On September 16, 1986, voters in the Centralia School District approve creation of the Port of Centralia under a recently passed law that allows port districts to be created in regions within counties, instead of only countywide. At least two previous attempts to create a Lewis County Port District have been defeated at the polls. Three port commissioners are elected in the same vote: Bob Thompson, Art Lehman, and Gene Groshong. The Port of Centralia will focus on creating economic opportunities in the area by acquiring and improving industrial land and recruiting business tenants. Over the next three decades it will grow to include two industrial campuses and a mixed-use development, totaling more than 1,500 acres of land that are home to some 30 businesses employing more than 800 people.
The plains surrounding the Chehalis River were occupied by the Upper Chehalis Tribe, which maintained several villages in the area before non-Indian settlers arrived in 1845. Military Road, the first in the area, reached Centralia in 1857, connecting the community to Fort Vancouver and Puget Sound. In 1872, the Northern Pacific Railroad arrived, bringing further opportunity for economic development and connections to the wider world.
The railroad ran through the property of George Washington (1817-1905), who had arrived in 1851 but, as a black man, had been technically prohibited from owning land in Oregon Territory until 1853. Washington took advantage of the railroad's placement, platting a town in 1875. The town, initially named Centerville, incorporated in 1886. By the early 1890s the population had grown to about 5,000. The economy revolved around the railroad and logging, which more or less carried the community until declining in the 1980s.
The Making of a Port
In response to this economic decline, business and civic leaders in Centralia and other Lewis County cities saw creation of a public port district as a means to promote and diversify the area's development, but they faced a problem. Lewis County voters had previously rejected creation of a countywide Port of Lewis County, and the law no longer allowed creation of smaller port districts.
For years, the Port District Act had allowed the formation of port districts that encompass only part of a county, and many Washington public ports are less than countywide, some quite small. However, in the 1970s the legislature had changed the law so that new port districts could only be created if they were countywide (later, a law enacted in 1992 would again allow the formation of less-than-countywide port districts, although only in counties that already had a non-countywide district).
In response to this dilemma, Dan Godat of Evaline, a small town just outside Winlock, to led an effort to again allow creation of public port districts comprising less than an entire county. After persuading the Winlock City Council to adopt a resolution supporting such an amendment, Godat took the resolution to State Representative J. Vander Stoep of Chehalis and Senator Stu Halsan of Centralia, who guided it through the legislature. Soon after the law took effect on June 11, 1986, public-port advocates in the Centralia, Chehalis, and Winlock/Toledo areas began gathering signatures to place measures creating three separate Lewis County ports on the election ballot.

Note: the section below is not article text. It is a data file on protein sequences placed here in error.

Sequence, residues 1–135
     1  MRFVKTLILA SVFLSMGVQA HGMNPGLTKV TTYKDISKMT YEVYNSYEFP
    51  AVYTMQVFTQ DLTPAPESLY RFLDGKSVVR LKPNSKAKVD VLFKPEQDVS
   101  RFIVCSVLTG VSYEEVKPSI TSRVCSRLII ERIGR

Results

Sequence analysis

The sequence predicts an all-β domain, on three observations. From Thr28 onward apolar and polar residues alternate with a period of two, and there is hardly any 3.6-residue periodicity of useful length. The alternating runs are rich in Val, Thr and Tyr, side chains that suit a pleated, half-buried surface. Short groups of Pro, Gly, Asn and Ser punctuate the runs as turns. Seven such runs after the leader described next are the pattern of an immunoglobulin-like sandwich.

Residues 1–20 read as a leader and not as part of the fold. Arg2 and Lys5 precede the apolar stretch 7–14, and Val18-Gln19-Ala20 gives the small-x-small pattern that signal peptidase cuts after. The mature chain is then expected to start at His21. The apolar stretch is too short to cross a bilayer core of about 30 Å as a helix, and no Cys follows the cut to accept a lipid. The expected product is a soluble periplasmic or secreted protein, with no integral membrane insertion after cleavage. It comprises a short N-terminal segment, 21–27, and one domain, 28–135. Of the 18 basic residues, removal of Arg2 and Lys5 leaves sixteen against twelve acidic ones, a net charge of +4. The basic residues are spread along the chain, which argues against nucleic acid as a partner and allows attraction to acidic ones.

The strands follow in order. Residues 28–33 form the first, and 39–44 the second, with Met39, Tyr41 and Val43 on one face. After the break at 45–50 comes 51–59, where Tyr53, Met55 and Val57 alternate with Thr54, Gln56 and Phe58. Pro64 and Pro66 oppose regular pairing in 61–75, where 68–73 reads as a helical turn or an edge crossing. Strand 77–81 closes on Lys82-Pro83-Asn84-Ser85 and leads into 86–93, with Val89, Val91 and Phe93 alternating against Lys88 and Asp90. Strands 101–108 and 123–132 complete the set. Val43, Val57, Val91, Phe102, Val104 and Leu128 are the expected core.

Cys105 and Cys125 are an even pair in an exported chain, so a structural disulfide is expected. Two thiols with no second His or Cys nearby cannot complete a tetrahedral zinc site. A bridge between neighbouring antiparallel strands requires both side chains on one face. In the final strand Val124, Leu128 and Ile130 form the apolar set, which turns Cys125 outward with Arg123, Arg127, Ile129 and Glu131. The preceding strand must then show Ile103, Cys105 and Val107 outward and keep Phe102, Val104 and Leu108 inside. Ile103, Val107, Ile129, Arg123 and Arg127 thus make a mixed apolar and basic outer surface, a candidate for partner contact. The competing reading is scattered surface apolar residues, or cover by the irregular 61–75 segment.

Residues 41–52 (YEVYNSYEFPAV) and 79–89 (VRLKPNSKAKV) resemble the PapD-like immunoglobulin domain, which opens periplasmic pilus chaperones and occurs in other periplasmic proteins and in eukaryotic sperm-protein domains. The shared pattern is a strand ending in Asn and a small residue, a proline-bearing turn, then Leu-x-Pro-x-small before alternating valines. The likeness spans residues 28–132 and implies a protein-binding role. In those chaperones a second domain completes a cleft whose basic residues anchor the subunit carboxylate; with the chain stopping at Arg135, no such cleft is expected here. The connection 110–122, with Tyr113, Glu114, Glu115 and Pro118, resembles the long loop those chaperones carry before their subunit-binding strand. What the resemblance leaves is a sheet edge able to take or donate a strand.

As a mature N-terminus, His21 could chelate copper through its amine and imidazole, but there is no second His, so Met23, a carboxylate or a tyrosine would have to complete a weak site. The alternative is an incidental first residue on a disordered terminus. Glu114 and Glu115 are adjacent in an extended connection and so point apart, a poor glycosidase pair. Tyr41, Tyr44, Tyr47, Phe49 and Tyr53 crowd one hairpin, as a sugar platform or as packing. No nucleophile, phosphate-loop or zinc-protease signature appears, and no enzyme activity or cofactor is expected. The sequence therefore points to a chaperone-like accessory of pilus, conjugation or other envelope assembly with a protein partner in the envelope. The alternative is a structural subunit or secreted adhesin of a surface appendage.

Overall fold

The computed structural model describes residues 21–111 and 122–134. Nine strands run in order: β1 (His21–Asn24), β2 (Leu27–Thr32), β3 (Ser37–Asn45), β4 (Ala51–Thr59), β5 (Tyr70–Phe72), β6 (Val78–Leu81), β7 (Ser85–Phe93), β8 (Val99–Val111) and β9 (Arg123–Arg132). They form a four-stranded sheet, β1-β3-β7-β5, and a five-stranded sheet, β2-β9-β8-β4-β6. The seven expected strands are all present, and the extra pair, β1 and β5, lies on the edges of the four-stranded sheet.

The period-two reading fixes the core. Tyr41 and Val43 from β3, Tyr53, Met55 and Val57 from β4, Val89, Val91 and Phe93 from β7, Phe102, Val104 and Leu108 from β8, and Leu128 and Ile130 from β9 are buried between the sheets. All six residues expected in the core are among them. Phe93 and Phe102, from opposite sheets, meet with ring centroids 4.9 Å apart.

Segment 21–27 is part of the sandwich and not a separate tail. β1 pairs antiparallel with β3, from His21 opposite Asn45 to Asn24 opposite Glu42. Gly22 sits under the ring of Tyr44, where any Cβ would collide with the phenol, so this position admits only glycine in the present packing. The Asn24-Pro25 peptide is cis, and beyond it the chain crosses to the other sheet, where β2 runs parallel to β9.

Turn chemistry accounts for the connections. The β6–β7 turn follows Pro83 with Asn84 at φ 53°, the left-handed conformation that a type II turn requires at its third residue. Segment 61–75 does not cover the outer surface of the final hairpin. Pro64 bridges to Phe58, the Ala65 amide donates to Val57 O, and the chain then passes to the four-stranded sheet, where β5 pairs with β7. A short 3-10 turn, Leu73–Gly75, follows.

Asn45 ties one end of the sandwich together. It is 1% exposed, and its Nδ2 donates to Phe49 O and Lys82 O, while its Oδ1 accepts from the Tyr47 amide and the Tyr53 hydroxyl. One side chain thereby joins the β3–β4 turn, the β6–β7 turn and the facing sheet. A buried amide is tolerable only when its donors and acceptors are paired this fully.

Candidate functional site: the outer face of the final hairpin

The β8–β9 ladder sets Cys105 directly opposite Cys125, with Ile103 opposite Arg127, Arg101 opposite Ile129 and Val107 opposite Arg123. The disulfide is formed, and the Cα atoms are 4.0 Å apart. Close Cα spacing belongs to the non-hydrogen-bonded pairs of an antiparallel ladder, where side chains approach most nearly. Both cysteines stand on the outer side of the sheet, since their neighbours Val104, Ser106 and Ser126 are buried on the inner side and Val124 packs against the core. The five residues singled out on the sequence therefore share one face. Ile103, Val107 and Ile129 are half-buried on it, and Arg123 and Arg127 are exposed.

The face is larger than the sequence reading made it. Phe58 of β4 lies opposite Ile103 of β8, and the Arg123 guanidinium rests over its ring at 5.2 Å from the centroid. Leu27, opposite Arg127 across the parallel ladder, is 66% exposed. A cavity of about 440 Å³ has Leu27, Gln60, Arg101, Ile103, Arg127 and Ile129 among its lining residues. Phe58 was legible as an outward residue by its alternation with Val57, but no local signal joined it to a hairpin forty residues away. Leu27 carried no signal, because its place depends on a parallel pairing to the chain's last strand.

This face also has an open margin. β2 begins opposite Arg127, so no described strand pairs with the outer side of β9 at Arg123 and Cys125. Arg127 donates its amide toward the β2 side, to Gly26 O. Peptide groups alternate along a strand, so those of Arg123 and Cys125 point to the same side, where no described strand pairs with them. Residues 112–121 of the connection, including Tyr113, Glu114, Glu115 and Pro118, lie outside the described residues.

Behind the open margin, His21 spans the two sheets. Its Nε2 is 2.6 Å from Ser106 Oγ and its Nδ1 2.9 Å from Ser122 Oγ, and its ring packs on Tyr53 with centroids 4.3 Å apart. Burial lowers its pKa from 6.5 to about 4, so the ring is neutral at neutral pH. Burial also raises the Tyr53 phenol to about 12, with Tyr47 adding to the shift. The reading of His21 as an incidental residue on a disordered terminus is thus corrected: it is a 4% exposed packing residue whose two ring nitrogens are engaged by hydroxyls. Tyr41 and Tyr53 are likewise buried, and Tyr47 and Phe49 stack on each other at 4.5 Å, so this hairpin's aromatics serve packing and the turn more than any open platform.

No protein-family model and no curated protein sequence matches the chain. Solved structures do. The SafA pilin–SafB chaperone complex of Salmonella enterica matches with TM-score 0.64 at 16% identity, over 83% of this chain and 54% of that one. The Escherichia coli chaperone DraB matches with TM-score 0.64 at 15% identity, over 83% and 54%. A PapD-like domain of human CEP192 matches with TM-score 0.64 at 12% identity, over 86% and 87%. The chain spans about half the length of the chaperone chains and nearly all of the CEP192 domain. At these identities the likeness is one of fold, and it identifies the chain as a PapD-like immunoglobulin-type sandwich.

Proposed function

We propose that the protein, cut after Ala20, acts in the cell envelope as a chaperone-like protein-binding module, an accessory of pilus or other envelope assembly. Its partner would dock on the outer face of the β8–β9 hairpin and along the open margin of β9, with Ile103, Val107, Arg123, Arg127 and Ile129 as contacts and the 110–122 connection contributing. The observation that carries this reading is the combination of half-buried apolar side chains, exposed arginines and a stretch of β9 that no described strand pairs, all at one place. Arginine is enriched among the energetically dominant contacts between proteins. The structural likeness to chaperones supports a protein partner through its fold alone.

On September 16, 1986, voters in the Centralia School District approved the formation of the Port of Centralia by a vote of 2,133 in favor and 1,661 against. Three commissioners were voted in: Bob Thompson, Art Lehman, and Gene Groshong. Chehalis voters approved a port district on the same date, but those in the Winlock/Toledo area rejected a port-district measure.
The Port of Centralia began collecting taxes in 1988, after a short delay due to a glitch in state law that requires taxing districts to establish their boundaries by March 1 to collect taxes in April of the following year. In 1988 and 1989 the Port of Centralia began purchasing land on Galvin Road and initiated construction Port Park I. The Port worked in partnership with the Lewis County Economic Development Council and other local government agencies to market itself and attract new business opportunities. In 1990, Roger’s Machinery Company, Inc moved in, becoming the first Port tenant.
In 1994, the Port of Centralia received the Port of the Year Award from the Washington Public Ports Association. It was also included in the South Puget Sound Foreign Trade Zone, a U.S. Department of Commerce designation that includes sites in Thurston County, Kitsap County, Mason County, and Lewis County. The designation was meant to make the area more attractive to business by reducing import and export duties for businesses within the zone.
In 2003, the Port of Centralia announced the formation of its new Park II development. It received an $800,000 loan and a $200,000 grant from the Washington State Department of Community, Trade, and Economic Development for public improvements to the park. Centralia Sawmills Corporation was planning to build a lumber mill on the site and hire 94 full time workers, which left 200 acres available for further development.
The Port's location on the I-5 corridor, centrally located between Seattle and Portland, gave it a competitive advantage in offering industrial sites. By 2016, the Port of Centralia had "grown to comprise over 1,500 acres in 2 master-planned industrial campuses and 1 mixed-used development" (Port of Centralia website). The 30 businesses operating in its parks accounted for more than 800 jobs in the local economy.